VANDERGRIFT (KDKA) — Fighting fires is a little more difficult in one local town because of a water pressure problem. And while the fire department has found a way to deal with the issue, they’d like a more permanent solution.

The latest fire, at the end of October, destroyed a building that housed a café and spread to a neighboring vacant building.

But three different times hydrants ran dry, and firefighters inside the building were ordered out until pressure was restored.

“It’s a big concern,” said William Snoots, who lives just a few doors away from the fire.

“Even when they hooked up the supply lines to the fire hydrants, you could tell there was hardly any water coming out there,” said Snoots.

Chief Steve Potoka, of the Vandergrift Volunteer Fire Department No. 2, says it’s been something they’ve been dealing with.

“We have a little water issue here,” said Chief Potoka. “We can’t get enough to feed these newer trucks and the bigger lines.”

He says after a fire three years ago, he made it standard procedure to have water tankers from neighboring departments respond to all of his department’s calls.

He explained that they used to use three-inch hoses, but now the hoses are five inches in diameter. Plus, modern fire trucks are able to pump much more water faster.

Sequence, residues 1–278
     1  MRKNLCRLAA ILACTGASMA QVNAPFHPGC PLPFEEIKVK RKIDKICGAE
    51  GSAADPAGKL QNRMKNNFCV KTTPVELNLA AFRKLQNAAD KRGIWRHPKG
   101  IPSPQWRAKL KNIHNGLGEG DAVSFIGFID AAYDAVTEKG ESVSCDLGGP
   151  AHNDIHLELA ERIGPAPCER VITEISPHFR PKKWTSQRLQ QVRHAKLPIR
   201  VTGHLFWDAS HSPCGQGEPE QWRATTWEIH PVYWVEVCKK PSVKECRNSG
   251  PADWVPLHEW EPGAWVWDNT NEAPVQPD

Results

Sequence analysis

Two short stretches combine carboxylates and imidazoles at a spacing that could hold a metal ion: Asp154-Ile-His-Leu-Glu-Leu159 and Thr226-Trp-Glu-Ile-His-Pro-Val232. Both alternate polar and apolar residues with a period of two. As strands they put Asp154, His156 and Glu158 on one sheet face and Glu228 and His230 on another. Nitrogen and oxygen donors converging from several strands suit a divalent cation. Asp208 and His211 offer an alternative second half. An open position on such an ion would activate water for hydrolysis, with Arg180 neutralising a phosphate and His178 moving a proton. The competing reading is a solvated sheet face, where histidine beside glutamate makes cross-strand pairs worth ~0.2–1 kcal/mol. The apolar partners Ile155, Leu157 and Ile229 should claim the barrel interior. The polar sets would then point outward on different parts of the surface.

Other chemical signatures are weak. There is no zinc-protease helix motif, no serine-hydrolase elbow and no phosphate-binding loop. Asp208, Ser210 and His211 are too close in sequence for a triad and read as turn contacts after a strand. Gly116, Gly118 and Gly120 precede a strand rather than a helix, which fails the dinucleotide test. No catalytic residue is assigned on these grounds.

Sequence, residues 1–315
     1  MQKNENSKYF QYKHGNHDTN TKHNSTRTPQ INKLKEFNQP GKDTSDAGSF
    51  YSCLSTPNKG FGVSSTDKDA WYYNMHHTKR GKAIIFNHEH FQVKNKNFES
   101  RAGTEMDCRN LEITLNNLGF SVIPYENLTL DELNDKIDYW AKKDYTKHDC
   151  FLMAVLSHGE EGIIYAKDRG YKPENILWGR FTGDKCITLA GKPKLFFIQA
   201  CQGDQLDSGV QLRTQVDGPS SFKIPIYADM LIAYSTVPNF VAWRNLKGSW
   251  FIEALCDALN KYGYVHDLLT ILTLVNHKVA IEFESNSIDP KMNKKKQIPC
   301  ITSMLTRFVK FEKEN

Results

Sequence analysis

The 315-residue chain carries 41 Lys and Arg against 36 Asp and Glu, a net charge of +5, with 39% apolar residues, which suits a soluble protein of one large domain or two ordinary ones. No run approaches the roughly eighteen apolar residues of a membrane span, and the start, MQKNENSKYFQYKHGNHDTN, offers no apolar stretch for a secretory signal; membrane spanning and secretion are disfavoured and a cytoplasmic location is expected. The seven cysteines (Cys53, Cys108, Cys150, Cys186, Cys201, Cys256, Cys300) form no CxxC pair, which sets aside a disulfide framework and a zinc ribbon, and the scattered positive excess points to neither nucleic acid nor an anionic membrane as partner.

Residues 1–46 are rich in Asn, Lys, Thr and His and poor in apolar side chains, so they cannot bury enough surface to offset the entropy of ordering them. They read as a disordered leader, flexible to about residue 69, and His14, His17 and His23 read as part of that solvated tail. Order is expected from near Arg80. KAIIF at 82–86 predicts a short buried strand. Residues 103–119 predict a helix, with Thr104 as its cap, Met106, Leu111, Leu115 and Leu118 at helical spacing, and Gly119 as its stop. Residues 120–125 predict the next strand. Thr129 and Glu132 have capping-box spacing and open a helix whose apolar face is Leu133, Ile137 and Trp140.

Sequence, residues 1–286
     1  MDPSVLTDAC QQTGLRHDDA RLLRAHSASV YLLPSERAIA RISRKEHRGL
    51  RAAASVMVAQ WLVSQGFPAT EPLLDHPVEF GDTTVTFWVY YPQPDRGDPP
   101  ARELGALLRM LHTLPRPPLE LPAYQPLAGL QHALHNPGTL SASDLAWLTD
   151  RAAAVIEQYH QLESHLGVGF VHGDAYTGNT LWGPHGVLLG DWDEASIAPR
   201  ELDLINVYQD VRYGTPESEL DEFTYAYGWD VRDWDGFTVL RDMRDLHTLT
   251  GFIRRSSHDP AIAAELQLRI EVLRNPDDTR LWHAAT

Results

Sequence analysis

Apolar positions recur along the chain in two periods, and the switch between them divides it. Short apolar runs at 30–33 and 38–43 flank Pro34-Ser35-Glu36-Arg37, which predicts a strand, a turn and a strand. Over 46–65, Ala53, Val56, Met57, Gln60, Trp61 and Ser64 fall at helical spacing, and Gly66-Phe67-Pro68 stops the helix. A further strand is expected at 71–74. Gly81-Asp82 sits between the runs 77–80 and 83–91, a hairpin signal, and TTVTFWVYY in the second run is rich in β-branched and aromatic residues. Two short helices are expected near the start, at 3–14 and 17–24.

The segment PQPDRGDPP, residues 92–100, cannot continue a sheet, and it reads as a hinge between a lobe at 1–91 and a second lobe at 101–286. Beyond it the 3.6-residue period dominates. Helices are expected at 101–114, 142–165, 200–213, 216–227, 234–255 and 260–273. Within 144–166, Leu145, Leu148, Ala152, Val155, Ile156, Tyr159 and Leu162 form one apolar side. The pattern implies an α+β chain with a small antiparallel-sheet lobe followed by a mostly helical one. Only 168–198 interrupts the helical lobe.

The result is that the water lines in that section of Vandergrift can’t keep up, particularly at higher elevations in town.

Tom Ceraso, assistant manager of the Municipal Authority of Westmoreland County, says there’s a plan to replace some of the underground water lines in Vandergrift. Lines that are four and six inches in diameter would be replaced with eight inch ones.

Work could begin next year.

Ceraso says the Authority would love replace older, smaller lines all over the county, but says the cost would be extraordinary, causing water bills to skyrocket. As a result, replacements have to be done more gradually.

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While pressure problems made the fire fight in October more difficult, the chief doesn’t think it affected the end result: “If we had a bigger line, it probably wouldn’t have made any difference as much fire as we had there,” said Chief Potoka.

Just the same, he welcomes new water lines. “It’ll help a lot.”

However, he stresses that with the back-up tankers, no one is in any danger.

David Highfield